It’s easy though – if you know the tricks.

Keen on learning how to play this tune on solo guitar? Well, I have some good news for you:

My latest jazz standard lesson series will teach you exactly how to build an arrangement just like what you saw on the above Youtube video, as well as a detailed roadmap over how to improvise over Stella By Starlight – a tune that you’ll inevitably have to face at one point if you want to call yourself a “jazz player”.

Get instant access to the new Stella By Starlight lesson series by joining my online jazz guitar club here:

www.fretdojo.com/club

 

Now the exciting bit:

If you're keen to have a structured, step-by-step approach to learning jazz guitar, it might be worth checking out my online learning system, the FretDojo Jazz Guitar Academy.

Here's what you get when you join up:

  • Detailed step-by-step video lessons on new classic jazz tunes and essential jazz guitar skills added to the club website each month. Includes listening recommendations, demonstrations of the melody, analysis of the harmony, and detailed explanations on how to solo over the tune.
  • Key improvisation concepts and techniques for soloing, and classic licks and example solos that relate to each tune, so you can continue to expand your jazz vocabulary and have more options when it comes to soloing.
  • Detailed comping ideas to suit the style of each jazz standard covered
  • Lessons on how to make chord melody and solo jazz guitar versions of tunes featured - play a complete jazz standard completely on your own like Joe Pass!
  • Members only forum - A worldwide community of jazz guitarists from all around the globe.
  • Regular workshops, masterclasses, and Q & A Sessions - get direct answers from me on anything holding you back in the practice room. Replays of all sessions are available to access for all members even if you can’t make it live.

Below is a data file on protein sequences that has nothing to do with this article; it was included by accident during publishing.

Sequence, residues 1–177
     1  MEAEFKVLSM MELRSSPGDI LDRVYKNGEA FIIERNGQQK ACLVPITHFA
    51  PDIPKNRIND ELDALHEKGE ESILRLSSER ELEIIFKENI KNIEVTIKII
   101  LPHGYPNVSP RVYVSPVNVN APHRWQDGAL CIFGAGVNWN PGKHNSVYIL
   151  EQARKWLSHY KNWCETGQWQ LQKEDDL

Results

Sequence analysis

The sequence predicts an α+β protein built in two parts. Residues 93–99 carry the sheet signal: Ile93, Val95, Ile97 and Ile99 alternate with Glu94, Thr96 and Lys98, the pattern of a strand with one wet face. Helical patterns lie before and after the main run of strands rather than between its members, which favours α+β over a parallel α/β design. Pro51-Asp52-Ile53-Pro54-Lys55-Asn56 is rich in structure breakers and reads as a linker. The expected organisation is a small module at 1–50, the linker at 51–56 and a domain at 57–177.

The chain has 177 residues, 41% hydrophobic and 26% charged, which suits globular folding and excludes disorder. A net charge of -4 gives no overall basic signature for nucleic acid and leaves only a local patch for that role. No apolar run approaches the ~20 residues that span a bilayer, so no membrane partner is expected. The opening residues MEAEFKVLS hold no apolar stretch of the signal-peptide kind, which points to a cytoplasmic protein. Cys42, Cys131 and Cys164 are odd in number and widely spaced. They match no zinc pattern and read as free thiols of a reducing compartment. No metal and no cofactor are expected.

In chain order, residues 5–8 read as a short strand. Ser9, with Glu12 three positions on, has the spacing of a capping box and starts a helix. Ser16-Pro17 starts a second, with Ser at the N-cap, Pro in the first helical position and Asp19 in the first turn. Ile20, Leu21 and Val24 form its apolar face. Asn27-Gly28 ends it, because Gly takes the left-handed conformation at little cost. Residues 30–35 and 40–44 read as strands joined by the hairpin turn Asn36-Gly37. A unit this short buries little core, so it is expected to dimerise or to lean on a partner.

• Massive searchable database of jazz licks and soloing concepts - the ultimate idea "grab bag" for your solos.
  • Optional monthly challenges where members participate to get feedback on their playing, reach new milestones and be eligible for cool prizes.

The best part:

You can access this all of this and more for just $1 by signing up to a 14 day trial. Go here for more info: https://www.fretdojo.com/signup-offer

Greg O’Rourke,

Founder, Fret Dojo

World Leader in Online Jazz Guitar Education

FREE Course:
The BIG Secrets of Jazz Guitar Improvisation

•  3 part video series - a step-by-step guide on building improvisation skills

• Learn the biggest mistakes made by aspiring jazz guitar improvisers and what you should be doing instead

• Instant access - completely FREE!

Video: Fast Blues Solo

Video: Fast Blues Solo

Video: Fast Blues Solo

Check this out:

This is something I’ve been working on lately in the FretDojo Academy Club, my monthly online jazz standard learning group.

I’ve been looking in detail at the soloing approaches of Grant Green, the “hidden master” of guitar single line bebop soloing.

We’ve had a ball studying Green’s approaches, and the above video is an example of what my students are learning to do when it comes to single line improvisation over the blues form.

Interested in joining them? Get instant access to the “blues soloing blueprint” lesson series here, along with over 50 other lessons on a variety of classic jazz standards to build your repertoire right away:

http://www.fretdojo.com/club

Now the exciting bit: